Also in the air conditioner according to the sixth embodiment configured as described above, advantages similar to those in the corresponding above-mentioned first to fifth embodiments can be obtained. In addition, in the sixth embodiment, the following advantages are attained. That is, each of the inner air duct 551 and the outer air duct 553 is formed into a narrowed shape, and hence such advantages can be obtained that the air current easily becomes stable, and the air current is less liable to separate on the airflow-direction vane and on the inner air duct wall 23 or the outer air duct wall 25.

Seventh Embodiment

Next, with reference to FIG. 9, a seventh embodiment of the present invention is described. FIG. 9 is a perspective view of an airflow-direction vane according to a seventh embodiment of the present invention. Note that, the air conditioner of the seventh embodiment is similar to any one of the configurations of the first to sixth embodiments except for the configuration to be described below.

In an airflow-direction vane 607 in the air conditioner of the seventh embodiment, the boundary portion 45 between the first curved portion 41 and the second curved portion 43 changes its position with respect to the downstream end 47 and the upstream end 49 across the vane longitudinal direction (direction in which the upstream end and the downstream end extend). In particular, in the example illustrated in FIG. 9, the boundary portion 45 is gently curved in such a mode that a part of the boundary portion 45 in a longitudinal center region 655 is closer to the upstream end 49 side than parts of the boundary portion 45 in longitudinal both-end regions 657.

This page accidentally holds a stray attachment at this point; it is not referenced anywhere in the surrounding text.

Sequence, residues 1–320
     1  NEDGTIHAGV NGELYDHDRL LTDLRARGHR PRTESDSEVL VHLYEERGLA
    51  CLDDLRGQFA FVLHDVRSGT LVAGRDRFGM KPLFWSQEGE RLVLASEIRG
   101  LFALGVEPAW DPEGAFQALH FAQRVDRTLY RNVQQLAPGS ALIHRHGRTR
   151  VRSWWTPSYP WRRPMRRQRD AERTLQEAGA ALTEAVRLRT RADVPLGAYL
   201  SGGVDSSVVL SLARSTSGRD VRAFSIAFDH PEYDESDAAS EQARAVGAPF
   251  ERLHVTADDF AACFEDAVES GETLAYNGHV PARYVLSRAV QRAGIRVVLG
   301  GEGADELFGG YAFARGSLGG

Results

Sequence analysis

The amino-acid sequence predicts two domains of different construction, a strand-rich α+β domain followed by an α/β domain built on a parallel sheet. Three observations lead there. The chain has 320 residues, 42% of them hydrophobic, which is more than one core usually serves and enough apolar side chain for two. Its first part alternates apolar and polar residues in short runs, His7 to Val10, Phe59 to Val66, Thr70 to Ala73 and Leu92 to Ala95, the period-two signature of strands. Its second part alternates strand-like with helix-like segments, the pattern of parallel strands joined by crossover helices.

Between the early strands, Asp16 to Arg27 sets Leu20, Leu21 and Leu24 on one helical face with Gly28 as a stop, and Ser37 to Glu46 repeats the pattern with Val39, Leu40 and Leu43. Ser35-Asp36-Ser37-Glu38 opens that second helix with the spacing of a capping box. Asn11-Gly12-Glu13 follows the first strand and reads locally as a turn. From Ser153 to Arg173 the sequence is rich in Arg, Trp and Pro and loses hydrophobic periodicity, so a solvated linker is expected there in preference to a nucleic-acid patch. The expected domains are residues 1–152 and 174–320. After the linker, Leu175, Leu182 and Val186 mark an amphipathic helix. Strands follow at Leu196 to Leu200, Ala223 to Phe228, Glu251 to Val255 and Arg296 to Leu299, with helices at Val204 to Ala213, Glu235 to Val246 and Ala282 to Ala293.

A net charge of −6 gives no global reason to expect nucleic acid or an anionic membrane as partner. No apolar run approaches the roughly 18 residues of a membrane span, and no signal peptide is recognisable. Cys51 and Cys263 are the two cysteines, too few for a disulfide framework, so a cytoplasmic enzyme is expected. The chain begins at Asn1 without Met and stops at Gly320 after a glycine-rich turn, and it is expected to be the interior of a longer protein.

Also in the air conditioner according to the seventh embodiment configured as described above, advantages similar to those in the corresponding above-mentioned first to sixth embodiments can be obtained. In addition, in the seventh embodiment, the following advantages are attained. That is, the position of the boundary portion 45 is changed across the longitudinal direction, and hence, even when the air current is separated on the convex surface 7a side of the airflow-direction vane 607, the separation occurring position can be shifted in accordance with the longitudinal direction of the airflow-direction vane 607. Therefore, the growth of the vortex generated by the separation can be suppressed, and the separation region can be reduced.

Note that, in the above-mentioned fifth embodiment, when the airflow-direction vane in which the boundary portion changes its position across the vane longitudinal direction is used as in the seventh embodiment, regarding the part of the boundary portion closest to the upstream end side, this part of the boundary portion is placed so as to match with the closest portion, which is the part closest to the inner air duct wall on the airflow-direction vane in the horizontal blowing state, or so as to be positioned on the downstream with respect to the closest portion.

Although the details of the present invention are specifically described above with reference to the preferred embodiments, it is apparent that persons skilled in the art may adopt various modifications based on the basic technical concepts and teachings of the present invention.